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Generally, in NYC, a TCO for a condo can be renewed as many times as necessary as long as your CO Application is in "open" status. Please click ACCEPT so I can get credit for helping you. We can continue our conversation after this at no additional charge. Thanks!
The condo bylaws say the following "Prospactive purchasers are adviced that a temporary certificate of occupancy may be renewed only for a total of two years from the first date of issuance" and goes on to say "sponsor projects but cannot assure that a permanent certificate of occupancy for the building will be obtained within two years after the first closing"
The condo was built in 2006 and they were issued a temporary certificate..they still have a temporary certificate and it's 2009. I have just signed a Condo Contract of Sale...can I get out of the closing without losing my downpayment on this?
Yes, you should be able to unwind the contract based on the fact that they do not have a valid CO. If a TCO expires and is not renewed, a new buyer may find it difficult or impossible to renew homeowner's insurance policies or to sell or refinance the new home. This is reason enough to get out of the contract.
The law clearly states that a TCO is only renewable up to two years after issuance. So how do you know the TCO hasn't already expired? If it has, it does not matter that the contract does not have a provision that says they would need a CO to close. A buyer is entitled to back out of a sale's contract for many different reasons. One big one would be that the condo is free from any hindrances that might cause a big issue for the buyer when trying to obtain a CO. If you're trying to get out of this contract because you do not want the condo, you need to call the seller's agent and tell them that you foresee a problem with the TCO/CO because the law explicitly states that a TCO cannot be renewed for more than 2 years from the date of issuance. If you want to buy the condo, but are worried about obtaining the CO, you need to contact the Department of Buildings verify whether the TCO is in effect, and if so, why it still is, and for how much longer (it could very well be an oversight). Either way, this whole issue is reason enough to be able to back out of a contract.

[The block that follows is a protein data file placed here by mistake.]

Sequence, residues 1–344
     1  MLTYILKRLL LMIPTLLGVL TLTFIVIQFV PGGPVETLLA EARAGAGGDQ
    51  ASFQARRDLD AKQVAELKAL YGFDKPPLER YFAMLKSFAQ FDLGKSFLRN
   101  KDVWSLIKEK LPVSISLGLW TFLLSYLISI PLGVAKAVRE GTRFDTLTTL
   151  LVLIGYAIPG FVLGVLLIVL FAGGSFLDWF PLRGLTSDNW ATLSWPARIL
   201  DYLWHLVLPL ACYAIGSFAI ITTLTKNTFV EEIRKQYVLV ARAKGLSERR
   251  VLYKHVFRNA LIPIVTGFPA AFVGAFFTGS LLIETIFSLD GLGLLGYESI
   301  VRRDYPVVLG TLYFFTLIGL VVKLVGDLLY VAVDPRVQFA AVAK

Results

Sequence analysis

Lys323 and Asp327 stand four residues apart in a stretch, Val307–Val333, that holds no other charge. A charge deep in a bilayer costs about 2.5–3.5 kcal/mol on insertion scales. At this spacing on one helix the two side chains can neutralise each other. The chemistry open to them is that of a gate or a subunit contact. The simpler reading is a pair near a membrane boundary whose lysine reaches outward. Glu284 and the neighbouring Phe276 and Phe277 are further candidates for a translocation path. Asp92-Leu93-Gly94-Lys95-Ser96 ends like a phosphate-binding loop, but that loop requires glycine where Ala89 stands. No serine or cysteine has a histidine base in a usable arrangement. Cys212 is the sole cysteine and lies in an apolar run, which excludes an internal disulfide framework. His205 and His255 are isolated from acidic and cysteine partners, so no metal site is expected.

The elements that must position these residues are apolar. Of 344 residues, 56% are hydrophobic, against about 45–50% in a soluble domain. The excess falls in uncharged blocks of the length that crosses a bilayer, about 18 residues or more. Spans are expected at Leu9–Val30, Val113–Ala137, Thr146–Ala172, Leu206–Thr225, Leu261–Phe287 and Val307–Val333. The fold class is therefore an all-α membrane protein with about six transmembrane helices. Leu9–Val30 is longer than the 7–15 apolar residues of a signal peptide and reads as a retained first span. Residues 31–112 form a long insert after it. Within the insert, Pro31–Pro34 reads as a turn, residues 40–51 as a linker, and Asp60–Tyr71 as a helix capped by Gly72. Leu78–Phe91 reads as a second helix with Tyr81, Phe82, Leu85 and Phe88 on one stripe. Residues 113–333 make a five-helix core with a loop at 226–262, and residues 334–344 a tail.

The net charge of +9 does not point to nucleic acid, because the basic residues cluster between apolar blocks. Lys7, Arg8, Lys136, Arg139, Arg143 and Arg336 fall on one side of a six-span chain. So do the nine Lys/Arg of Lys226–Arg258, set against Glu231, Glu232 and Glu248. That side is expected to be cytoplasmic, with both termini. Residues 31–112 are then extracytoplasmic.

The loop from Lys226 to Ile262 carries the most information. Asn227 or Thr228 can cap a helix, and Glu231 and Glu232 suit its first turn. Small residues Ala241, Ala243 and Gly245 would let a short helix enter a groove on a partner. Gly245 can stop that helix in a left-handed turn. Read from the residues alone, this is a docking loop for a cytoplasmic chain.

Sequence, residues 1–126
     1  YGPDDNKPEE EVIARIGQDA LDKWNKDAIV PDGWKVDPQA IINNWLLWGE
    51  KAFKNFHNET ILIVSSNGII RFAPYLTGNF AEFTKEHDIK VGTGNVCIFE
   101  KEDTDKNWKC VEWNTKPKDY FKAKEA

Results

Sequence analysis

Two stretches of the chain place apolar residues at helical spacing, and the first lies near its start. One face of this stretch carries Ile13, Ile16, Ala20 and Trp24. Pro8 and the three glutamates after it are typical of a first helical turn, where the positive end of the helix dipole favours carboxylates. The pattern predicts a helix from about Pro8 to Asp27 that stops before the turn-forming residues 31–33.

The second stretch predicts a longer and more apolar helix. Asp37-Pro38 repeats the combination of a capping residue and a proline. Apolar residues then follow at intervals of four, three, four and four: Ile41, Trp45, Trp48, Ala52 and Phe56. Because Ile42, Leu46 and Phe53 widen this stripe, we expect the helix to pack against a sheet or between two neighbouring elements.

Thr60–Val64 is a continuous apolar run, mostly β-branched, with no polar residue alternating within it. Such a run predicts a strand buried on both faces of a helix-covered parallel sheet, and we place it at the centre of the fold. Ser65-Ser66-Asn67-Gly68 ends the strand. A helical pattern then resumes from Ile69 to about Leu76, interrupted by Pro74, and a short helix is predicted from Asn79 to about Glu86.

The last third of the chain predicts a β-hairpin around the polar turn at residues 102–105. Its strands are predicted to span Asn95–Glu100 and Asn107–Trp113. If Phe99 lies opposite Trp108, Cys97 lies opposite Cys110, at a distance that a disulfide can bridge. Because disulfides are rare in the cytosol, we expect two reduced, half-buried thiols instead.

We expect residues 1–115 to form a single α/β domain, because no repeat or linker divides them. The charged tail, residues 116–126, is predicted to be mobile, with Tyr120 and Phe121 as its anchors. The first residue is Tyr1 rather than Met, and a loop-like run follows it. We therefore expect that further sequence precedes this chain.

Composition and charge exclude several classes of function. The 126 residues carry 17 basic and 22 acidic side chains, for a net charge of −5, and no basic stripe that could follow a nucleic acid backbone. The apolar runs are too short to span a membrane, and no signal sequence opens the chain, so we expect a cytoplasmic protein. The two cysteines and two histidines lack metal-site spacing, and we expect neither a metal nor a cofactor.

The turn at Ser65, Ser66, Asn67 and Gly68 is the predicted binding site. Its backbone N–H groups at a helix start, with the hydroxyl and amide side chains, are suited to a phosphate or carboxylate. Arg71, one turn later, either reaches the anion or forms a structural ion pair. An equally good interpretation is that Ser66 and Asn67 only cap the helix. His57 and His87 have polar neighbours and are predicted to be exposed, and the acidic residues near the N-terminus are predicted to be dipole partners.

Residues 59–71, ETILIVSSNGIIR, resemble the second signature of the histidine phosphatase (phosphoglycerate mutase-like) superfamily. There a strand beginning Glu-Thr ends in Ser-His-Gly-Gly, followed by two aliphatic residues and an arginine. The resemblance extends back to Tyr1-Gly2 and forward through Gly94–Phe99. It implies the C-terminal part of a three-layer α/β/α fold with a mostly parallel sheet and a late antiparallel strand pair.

I definitely understand your concerns. If the Department of Buildings is still issuing TCOs, then there will probably not be any recourse since they are they ones that would enforce any of the laws. They are obviously issuing the TCOs in spite of the law, but if they aren't adhering to the Code, there is really no one that's going to stop them. In the event of an expired TCO, what usually happens is that Inspection Services mails a notice 30 days prior to the expiration. If there is no response to the notice, and the TCO expires, a Compliance Notice is issued with a deadline for compliance. If there is no response to the Compliance Notice, the matter is turned over to the City Prosecutor for appropriate action, and the electric meter will be removed. If someone is living there, eviction proceedings can be instigated. Do you know why the CO has not been issued yet?